Cape Town, South Africa: Tafelberg-Uitgewers, 2003. 128 p. ISBN 0-624-04158-1. Ages 12-15.
Henry, a second-year high school student in Cape Town, is under pressure from his father, who wants him to excel in sports, particularly rugby, for which he has little talent and inclination. His father is always comparing him with his older brother to his disadvantage. However, Henry (nicknamed “King Henry”) is a computer whiz-kid, and appreciated as such by the teacher in charge of the computing centre. A new girl, Aisha, with an interest in computers, joins the school and applies to the teacher to become a computer assistant.
Not being good at sports and gregarious by nature, Henry spends much time visiting chat rooms on the Internet. In this way he befriends an apparently older man, who seems to be the only person who really understands him. What Henry writes to his correspondent about himself is not the truth, but he does not realise that the man also does not tell the truth about himself. Henry agrees to meet the man at a pizza parlour after a rugby game. Luckily, Aisha sees Henry go off with the man, whom she views with suspicion, and tells Henry’s elder brother. The man takes Henry to a porn movie house and makes sexual overtures. Henry is shocked, and he flees in a daze. Following Aisha’s tip, his brother rescues him and takes him home.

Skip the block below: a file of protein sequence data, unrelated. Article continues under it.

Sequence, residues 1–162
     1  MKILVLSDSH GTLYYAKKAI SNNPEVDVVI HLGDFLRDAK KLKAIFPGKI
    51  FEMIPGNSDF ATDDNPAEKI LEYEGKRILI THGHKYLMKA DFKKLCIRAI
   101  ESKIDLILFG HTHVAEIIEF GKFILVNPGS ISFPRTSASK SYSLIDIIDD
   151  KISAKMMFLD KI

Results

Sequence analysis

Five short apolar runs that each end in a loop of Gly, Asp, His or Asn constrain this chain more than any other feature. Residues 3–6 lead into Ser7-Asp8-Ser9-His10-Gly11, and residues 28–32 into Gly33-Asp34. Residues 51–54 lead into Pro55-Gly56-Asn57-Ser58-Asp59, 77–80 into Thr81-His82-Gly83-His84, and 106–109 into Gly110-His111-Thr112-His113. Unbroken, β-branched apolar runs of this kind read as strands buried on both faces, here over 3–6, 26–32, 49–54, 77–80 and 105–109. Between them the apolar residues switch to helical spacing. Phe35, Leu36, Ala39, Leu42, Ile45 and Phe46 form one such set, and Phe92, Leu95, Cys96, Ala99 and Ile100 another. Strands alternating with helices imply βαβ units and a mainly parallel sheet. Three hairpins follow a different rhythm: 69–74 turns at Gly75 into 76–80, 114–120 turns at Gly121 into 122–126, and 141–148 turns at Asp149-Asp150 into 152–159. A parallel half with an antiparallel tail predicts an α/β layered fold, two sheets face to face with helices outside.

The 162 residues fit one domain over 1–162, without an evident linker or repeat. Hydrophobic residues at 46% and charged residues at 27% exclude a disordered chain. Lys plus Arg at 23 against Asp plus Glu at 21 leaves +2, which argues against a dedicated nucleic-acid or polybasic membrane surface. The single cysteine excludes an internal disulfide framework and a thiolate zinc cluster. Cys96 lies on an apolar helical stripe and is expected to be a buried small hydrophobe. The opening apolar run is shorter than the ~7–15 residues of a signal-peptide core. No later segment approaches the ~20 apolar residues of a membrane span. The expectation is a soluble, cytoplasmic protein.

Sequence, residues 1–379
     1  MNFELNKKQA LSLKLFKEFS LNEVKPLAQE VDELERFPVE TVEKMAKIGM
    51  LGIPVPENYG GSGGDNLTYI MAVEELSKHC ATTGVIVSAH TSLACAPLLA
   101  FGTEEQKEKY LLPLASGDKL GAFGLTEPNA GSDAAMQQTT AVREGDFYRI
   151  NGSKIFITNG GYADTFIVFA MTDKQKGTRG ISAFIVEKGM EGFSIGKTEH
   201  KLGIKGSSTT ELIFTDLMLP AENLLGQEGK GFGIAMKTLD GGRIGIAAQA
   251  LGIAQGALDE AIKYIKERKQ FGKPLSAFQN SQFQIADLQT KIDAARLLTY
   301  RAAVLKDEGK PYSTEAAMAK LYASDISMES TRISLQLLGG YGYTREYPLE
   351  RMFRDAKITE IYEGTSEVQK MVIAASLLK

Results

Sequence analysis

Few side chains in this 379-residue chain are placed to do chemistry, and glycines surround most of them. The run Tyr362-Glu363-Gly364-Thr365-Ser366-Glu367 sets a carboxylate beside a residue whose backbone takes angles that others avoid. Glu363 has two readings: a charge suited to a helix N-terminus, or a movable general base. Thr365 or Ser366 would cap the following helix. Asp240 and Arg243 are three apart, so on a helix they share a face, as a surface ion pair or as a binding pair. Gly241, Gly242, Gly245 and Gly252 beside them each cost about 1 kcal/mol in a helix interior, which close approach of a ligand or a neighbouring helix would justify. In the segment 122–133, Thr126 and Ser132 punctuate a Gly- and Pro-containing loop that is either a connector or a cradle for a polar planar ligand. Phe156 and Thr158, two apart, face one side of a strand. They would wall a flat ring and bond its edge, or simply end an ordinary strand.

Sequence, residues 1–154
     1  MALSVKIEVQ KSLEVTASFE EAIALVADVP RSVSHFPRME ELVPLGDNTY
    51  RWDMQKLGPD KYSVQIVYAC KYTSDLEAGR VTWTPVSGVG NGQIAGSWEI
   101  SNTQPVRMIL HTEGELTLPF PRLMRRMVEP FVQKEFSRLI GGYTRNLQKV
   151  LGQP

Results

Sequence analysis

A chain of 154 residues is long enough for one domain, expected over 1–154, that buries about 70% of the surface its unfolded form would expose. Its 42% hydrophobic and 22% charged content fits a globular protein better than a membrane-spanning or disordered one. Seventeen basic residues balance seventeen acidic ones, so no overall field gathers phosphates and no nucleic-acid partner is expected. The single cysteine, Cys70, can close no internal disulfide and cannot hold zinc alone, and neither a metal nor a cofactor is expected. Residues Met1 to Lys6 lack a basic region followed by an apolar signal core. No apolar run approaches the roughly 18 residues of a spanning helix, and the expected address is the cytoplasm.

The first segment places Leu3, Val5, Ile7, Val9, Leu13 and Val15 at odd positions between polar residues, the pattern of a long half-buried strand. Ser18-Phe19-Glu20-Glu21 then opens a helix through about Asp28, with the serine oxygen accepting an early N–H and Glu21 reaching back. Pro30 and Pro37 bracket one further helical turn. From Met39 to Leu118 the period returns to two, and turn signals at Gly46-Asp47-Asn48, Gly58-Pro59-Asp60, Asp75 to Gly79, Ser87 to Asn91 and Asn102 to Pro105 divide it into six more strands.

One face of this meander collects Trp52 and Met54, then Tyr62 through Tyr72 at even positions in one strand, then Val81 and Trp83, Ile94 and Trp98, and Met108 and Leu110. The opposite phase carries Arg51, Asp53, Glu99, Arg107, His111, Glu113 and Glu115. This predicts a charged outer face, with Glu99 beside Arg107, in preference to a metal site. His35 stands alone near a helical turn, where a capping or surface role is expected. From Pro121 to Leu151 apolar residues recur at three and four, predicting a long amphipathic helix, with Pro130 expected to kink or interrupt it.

All ends well when Henry testifies to the police, who had been trying to catch this paedophile. Henry receives counselling and decides to tell his story to the whole school as a warning to other susceptible pupils. At the school assembly it is also announced that Henry and Aisha had performed very well in a countrywide computer olympiad in which they had participated.
The story is well written and true to life. Not only will it entertain young adults, but it will also inform parents, in a sympathetic manner, of the dangers their children face. The book received the 2005 Afrikaans Language and Cultural Association (ATKV) award for youth literature, an award adjudicated by adults as well as young readers.